For starting without a mockup, the pattern size mashup turned out very well along with the fit. Although it's still not as fitted as I want through the waist area, I figure I could easily add in some darts if I find the extra material is bothering me too much. Yay for finishing though, since HSF challenges will have to be set aside for right now.

Monday, June 16, 2014

Wonderland Wedding - Card Guard Dress

As I work on finishing off my Ophelia bonnet and another HSF project, I'll give you a preview of my next projects(s). So first the background- 

My best friend from high school, Jenna, is getting married this fall in New Orleans on Halloween. It gets better! The wedding theme is Alice in Wonderland! She had asked me to be a bridesmaid a long time ago and of course my brain immediately kicked into costume design gear. I only had vague plans and didn't really know which direction to go until Jenna suggested card guards for the wedding party. Then I also thought of the Um costume worn by Mia Wasikowska in Tim Burton's Alice in Wonderland.
Um dress via Pinterest
While not exactly like the Um dress, I did like the hourglass silhouete. I started looking at patterns and pulled out my 1892 ballgown bodice pattern (TV492) and purchased the can-can skirt pattern (TV280), both from Truly Victorian.
1892 Ball Gown Bodice
Ballgown Bodice TV492
Can-Can Skirt
Can-can Skirt TV280
The plan at this point to do half the skirt in black and the other half in red and the bodice the same colors but on opposite sides (sorry, no sketches). The layers of ruffles underneath is where I'm going to have all the fun. I went shopping at the fabric store and came back with these:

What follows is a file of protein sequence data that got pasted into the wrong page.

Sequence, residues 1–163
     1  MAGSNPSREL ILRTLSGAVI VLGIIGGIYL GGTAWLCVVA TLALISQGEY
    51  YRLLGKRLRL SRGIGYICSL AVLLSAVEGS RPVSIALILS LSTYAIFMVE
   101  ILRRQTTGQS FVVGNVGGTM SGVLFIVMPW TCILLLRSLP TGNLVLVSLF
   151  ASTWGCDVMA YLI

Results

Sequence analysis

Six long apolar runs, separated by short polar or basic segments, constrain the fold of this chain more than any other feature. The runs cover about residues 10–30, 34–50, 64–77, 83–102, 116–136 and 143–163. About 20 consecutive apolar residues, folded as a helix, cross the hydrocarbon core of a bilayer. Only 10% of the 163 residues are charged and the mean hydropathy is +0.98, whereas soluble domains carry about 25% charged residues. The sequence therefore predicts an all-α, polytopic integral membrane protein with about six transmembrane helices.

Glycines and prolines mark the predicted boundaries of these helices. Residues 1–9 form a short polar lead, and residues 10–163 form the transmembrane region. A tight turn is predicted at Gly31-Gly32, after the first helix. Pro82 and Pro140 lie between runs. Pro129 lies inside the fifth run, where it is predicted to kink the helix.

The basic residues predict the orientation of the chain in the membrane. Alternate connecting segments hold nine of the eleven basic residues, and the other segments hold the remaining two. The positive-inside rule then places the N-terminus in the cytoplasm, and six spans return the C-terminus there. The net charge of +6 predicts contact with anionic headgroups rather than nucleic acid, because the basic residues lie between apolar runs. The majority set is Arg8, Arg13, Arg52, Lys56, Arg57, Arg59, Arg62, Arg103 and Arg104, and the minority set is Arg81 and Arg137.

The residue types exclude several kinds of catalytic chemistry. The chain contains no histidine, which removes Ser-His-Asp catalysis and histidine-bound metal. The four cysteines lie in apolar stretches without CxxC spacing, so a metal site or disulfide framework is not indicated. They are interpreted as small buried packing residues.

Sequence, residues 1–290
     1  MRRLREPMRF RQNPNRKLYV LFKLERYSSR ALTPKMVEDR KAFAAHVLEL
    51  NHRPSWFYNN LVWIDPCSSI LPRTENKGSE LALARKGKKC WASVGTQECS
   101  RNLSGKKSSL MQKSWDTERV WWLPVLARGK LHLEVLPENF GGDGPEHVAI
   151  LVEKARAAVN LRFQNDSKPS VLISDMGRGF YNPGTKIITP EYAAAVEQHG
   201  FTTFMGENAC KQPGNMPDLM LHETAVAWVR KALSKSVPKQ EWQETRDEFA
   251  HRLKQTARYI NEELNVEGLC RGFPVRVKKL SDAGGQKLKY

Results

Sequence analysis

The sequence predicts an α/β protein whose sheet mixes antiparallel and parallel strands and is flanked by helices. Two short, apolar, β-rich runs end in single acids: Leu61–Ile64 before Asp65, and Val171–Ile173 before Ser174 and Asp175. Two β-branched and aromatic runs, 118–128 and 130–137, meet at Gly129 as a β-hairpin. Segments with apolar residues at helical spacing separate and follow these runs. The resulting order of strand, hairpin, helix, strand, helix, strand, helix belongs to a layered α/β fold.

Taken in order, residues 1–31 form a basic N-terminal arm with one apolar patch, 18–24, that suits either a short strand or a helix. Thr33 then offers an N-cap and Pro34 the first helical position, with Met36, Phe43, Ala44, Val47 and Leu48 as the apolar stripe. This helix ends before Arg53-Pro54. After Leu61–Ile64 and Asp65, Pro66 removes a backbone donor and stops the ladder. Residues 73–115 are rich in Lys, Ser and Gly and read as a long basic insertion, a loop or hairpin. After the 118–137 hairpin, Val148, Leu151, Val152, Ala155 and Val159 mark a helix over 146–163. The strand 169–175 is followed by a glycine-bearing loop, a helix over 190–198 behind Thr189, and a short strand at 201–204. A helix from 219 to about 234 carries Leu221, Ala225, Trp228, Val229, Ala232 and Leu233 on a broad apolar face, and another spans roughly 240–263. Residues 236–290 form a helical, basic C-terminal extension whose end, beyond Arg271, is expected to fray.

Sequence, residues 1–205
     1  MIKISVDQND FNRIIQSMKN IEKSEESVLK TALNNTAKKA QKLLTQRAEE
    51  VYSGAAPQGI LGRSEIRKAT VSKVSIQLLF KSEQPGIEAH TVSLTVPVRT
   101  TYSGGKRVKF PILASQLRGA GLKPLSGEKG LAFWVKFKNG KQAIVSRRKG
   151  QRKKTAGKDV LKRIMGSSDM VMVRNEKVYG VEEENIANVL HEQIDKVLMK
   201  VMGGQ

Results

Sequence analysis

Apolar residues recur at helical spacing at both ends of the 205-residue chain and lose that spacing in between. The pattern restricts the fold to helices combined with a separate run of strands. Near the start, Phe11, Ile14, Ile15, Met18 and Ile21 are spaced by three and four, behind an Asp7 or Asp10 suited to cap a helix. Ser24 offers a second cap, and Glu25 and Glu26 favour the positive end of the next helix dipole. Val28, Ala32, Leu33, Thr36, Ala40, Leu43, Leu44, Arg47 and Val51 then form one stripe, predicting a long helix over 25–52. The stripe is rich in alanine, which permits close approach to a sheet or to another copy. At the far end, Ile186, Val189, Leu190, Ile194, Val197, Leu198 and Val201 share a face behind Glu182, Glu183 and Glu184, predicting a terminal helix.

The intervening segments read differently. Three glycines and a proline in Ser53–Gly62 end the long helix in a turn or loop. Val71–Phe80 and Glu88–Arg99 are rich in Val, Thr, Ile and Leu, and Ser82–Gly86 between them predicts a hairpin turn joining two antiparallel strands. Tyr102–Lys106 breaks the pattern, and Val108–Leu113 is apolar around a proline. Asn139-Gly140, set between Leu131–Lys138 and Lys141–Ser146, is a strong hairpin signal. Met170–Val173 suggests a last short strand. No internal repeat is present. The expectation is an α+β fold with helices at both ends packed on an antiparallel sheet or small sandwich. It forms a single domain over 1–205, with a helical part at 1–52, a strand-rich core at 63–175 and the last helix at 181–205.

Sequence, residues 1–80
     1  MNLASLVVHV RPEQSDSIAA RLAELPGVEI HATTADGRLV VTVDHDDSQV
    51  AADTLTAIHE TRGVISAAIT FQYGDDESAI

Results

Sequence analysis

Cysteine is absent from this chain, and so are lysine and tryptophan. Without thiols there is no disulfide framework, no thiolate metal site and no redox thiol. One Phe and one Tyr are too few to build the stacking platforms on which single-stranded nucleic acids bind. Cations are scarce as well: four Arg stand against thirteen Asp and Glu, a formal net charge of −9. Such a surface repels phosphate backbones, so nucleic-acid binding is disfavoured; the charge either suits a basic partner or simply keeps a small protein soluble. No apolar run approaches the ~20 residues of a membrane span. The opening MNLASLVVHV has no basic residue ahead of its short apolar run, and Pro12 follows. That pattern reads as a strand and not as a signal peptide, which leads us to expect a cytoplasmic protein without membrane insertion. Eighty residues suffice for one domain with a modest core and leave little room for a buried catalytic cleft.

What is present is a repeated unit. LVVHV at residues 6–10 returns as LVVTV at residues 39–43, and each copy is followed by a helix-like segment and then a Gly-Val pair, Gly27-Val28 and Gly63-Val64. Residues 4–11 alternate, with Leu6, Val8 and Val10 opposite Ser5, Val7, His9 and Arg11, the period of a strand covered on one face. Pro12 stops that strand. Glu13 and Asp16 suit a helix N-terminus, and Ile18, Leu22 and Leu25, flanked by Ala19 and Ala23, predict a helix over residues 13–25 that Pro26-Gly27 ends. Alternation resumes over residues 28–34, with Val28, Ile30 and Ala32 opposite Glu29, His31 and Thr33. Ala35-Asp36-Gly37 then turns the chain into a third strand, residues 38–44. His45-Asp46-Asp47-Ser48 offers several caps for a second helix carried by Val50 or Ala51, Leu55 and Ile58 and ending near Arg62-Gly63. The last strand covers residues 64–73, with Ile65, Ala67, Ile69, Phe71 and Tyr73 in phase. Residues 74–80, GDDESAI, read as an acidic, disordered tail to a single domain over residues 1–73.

With the solid fabric on top, I felt that there needed to be some fun underneath. Since this an actual costume rather than a historical costume, I can throw the rule book out the window in terms of trying to be accurate.

Oh I can't wait to get started!

Wednesday, June 4, 2014

Ophelia Bonnet Homestretch

In case you missed the squeals of delight on Facebook, my silks are finally here! Ordered in the middle of March, I endured shipping delays, wrong items being sent, secondary packages which were also delayed...
My beautiful silk from India! Color is actually dark navy.
Yeah, patience has certainly become a virtue where this project is concerned (it was started in early February). Along with my silk issues, I had supplies run out on multiple occasions, which resulted in more delays and frustrations that nearly made me throw in the towel for the whole project.

Before getting started on the covering and trimmings, I'll give a quick progress report on how the actual bonnet construction went.

This was my first venture into hat making where I constructed the base myself. Once I had all my supplies together, it went together very easily, much to my surprise (aside from running out of a few things - AGAIN - during the construction process).
Millinery wire taped and ready to be sewn to the buckram.

Finished crown, pipe, and brim. These are the pieces that make up the full bonnet.
The crown piece and brim are attached to each other using just a whipstitch around the wire and crinoline tape.
Finished form ready for covering.
Like most hand sewing projects though, very slow going but the outcome is certainly rewarding. Although the the buckram form has been sitting around for a bit now, I still look at it and go, "I made that?" Now looking forward to finishing it.

These are all my trimmings which I have been slowly accumulating during the project.
The plan is to cover it with blue silk and line the brim with cream dupioni (not completely period accurate, but this will be on the inside and not as noticeable). Still have to play with the ribbons, but the wide cream will be used for the ties, and the thinner cream and pale green for pipe trims. The flowers, bing cherries, and leaves will go at the very top of the crown, similar to the ones in my research plates.

Keep your fingers crossed that the next time I post about the bonnet, it will be finished!
And just for fun, a late night selfie from when I had actually finished the bonnet.